“… took all my colours – left me only blue…”

Heaven and Earth is John Martyn’s final album. Recorded in his home in Ireland all the tracks were finished it seems some time before his death and now finally released.

For those of us touched by the man and his music he holds a special place, outside the commercial industry of the “music business”. With John it is always personal.

On a first play I was not really sure but with the assistance of some herbal remedy and a bottle of wine I have to say  I am regular listener.

I felt compelled to review this after reading a few reviews on the net, which for me missed the point. This is not I feel meant to be a fully produced release but the last tunes as they went down. The reviews seem to suggest these tracks are not fully edited or arranged I feel losing the point of what is actually here. It is really all about the groove and that is certainly in there, taking ideas and going with them, soulful and gently funky.  Listening to the album as whole I was reminded of why I loved John live so much, the way he could take a vibe and run with it, seeing him up there just with the tune his voice and guitar, the band slipping and sliding around him.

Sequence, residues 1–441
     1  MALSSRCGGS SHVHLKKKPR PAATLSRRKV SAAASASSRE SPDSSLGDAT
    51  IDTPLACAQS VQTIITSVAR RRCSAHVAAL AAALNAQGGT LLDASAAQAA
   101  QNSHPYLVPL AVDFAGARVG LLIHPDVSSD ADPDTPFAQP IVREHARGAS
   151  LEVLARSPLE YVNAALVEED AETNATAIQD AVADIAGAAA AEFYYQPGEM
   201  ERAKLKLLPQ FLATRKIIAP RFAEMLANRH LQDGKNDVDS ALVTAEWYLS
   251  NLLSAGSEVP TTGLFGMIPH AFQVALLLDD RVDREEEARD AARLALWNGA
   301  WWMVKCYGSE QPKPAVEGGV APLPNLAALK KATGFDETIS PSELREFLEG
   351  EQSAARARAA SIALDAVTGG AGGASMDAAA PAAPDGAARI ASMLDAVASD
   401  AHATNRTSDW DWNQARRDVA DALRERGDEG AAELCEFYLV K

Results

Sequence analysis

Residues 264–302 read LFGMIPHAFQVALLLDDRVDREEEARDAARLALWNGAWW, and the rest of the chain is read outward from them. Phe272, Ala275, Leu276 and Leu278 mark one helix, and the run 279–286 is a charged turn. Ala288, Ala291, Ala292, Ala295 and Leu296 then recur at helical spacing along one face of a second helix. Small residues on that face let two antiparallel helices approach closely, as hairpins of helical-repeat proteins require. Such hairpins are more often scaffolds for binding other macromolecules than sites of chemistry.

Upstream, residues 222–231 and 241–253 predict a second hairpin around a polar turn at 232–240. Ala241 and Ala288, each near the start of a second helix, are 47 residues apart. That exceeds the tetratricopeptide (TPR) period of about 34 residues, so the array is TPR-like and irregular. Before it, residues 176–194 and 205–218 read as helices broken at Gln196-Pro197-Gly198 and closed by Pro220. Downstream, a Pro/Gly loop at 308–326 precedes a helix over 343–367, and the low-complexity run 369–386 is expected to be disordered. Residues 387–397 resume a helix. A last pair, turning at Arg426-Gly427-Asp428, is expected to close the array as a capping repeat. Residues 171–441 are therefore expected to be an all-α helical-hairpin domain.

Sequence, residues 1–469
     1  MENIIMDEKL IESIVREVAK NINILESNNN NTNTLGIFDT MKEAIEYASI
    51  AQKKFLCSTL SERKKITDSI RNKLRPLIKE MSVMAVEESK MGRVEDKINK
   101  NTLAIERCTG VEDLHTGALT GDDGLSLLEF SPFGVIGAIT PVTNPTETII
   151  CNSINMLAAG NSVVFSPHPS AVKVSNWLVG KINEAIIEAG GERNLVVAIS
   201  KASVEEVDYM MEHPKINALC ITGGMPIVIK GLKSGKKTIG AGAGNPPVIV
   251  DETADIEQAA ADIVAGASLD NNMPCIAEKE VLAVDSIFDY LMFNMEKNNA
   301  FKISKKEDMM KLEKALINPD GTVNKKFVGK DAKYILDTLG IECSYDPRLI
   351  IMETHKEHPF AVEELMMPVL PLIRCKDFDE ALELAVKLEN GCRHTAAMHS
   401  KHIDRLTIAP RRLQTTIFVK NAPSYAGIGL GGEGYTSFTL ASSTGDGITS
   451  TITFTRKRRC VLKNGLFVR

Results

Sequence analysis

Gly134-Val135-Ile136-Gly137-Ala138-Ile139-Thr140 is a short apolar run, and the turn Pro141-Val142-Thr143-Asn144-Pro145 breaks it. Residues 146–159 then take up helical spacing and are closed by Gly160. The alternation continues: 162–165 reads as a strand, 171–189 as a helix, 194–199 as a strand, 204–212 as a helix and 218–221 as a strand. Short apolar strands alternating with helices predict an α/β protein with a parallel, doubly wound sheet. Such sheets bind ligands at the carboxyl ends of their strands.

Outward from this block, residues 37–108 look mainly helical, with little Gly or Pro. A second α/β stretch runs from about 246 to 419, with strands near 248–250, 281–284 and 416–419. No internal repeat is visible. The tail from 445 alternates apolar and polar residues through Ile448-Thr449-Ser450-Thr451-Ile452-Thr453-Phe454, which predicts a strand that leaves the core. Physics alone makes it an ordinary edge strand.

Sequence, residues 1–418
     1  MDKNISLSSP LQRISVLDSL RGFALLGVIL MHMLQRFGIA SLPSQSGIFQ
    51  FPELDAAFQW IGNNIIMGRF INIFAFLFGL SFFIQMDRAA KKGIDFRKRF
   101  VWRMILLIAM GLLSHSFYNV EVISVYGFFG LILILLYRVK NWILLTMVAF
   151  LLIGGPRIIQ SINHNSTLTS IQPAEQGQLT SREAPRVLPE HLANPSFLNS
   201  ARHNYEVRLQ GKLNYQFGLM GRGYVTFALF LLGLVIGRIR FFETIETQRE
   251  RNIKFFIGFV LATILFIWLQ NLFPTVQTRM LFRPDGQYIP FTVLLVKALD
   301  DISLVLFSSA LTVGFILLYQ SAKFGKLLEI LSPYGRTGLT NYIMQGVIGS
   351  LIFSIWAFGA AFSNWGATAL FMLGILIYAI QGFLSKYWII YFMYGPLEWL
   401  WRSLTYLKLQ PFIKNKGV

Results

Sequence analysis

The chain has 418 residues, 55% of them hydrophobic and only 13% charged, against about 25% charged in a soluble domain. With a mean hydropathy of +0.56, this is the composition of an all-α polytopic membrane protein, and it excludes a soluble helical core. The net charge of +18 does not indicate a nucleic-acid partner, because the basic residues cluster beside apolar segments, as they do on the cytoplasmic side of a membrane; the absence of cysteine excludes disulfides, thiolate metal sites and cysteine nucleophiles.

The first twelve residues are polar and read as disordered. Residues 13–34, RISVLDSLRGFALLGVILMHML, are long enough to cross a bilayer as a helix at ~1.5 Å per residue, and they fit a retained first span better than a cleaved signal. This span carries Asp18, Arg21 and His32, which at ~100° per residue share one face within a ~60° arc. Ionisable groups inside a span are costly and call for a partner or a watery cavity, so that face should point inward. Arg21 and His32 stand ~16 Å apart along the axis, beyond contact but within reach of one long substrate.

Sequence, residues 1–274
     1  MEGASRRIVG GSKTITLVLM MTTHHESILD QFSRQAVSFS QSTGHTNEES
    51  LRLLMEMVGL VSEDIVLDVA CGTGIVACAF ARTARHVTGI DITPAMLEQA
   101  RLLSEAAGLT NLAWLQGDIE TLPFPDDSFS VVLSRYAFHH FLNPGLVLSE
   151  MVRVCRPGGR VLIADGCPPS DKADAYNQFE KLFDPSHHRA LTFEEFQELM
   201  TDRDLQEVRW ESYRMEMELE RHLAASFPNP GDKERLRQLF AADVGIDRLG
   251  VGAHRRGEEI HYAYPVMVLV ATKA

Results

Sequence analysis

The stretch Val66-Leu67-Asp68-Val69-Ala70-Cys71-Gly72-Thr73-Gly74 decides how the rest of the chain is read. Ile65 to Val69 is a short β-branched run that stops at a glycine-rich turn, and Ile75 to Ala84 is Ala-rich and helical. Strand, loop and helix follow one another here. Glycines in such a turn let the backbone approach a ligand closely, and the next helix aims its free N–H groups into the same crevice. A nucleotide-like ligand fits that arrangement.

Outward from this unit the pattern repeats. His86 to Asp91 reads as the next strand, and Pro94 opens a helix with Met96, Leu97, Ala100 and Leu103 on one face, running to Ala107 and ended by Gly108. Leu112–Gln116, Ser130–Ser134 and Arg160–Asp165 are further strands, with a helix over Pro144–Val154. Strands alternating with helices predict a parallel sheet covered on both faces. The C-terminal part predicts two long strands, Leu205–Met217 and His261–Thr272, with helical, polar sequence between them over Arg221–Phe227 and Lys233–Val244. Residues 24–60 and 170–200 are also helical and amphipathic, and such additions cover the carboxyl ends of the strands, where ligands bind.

Of course this is not Solid Air or One World but it is not meant to be. Time and life moves on and this is where he was at. If you want those earlier albums they are still all there – you can hear more of those tunes on the radio show at the link below. This is where all that stuff ended up.

There were some comments which  imply his voice is not so strong and his guitar playing is somewhat muted. I have to say if that is a ‘shot’ voice, but it is still connected directly to his soul. The guitar is still there but as always it not always used upfront and straight, (A thing he never liked –  it’s all about feel not flash) and it is the voicings and twists weaving the the sound together  that give the tunes depth as it swerves in and out of the mix, often leaving you guessing if it is a synth or a guitar. He also does the odd bit of rocking out as in Bad Company.

Don’t forget this is the only man on the planet who can actually make Phil Collins sound anything like cool!

The last track Willing to Work (originally the title track) is an eight-minute track noted as a loose jam in the reviews but to these ears is classic JM, big groove, abstract vocals and the use of backing singers with fine Hammondy organ. The tune finishes with John’s dog Gizmo barking along, as John sings, “So willing to work I even bought my dog along” – well it put a smile on my face. Any album that ends like that is OK in my book . . . .

So give it a go, feel the spirit and get in the groove. . . !

John Martyn Obituary and Radio Show

John Martyn Website

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